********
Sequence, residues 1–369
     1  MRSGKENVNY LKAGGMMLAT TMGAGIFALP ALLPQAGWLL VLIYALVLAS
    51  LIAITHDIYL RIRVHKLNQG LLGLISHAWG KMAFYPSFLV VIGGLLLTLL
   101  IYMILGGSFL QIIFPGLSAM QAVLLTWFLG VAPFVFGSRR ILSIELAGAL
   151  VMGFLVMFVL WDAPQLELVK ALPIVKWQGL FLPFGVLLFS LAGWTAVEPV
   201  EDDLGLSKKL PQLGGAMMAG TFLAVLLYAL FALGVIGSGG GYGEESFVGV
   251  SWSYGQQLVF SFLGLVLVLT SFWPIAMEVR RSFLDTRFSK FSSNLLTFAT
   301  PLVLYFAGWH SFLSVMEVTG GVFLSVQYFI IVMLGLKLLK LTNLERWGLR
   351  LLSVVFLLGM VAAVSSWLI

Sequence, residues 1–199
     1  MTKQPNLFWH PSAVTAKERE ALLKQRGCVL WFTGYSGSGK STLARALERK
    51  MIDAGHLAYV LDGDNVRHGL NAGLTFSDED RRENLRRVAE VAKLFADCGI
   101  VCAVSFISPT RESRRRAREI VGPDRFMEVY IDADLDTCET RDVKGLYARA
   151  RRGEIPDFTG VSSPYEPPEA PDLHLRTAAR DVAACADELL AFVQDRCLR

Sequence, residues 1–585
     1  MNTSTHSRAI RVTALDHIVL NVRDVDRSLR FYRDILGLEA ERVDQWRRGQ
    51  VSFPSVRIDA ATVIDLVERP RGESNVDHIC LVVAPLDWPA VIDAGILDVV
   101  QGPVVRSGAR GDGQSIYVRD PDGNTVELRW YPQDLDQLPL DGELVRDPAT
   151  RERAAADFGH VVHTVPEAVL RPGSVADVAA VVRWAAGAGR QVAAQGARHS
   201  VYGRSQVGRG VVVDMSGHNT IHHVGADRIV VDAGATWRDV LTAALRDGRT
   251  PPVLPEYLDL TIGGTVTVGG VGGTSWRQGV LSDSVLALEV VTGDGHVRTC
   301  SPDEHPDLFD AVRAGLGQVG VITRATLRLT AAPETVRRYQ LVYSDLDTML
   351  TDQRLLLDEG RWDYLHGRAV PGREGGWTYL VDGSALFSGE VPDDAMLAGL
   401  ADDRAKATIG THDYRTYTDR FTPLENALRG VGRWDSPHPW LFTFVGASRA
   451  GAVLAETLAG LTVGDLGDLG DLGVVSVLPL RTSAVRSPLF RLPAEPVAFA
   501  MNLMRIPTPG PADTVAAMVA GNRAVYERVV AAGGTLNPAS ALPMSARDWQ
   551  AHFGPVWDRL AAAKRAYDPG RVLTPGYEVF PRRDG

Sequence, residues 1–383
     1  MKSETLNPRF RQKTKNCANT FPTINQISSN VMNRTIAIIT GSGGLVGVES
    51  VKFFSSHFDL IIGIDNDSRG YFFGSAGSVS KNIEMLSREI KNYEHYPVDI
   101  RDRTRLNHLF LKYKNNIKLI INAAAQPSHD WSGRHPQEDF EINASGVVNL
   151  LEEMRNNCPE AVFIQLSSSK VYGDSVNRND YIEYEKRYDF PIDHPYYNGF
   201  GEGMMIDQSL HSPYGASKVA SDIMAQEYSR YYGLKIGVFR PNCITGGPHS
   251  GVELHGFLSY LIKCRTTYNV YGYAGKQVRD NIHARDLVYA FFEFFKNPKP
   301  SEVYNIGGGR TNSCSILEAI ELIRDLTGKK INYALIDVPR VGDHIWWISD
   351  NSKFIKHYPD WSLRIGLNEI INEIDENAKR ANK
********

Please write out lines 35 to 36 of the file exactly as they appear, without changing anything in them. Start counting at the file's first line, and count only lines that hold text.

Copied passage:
   301  SEVYNIGGGR TNSCSILEAI ELIRDLTGKK INYALIDVPR VGDHIWWISD
   351  NSKFIKHYPD WSLRIGLNEI INEIDENAKR ANK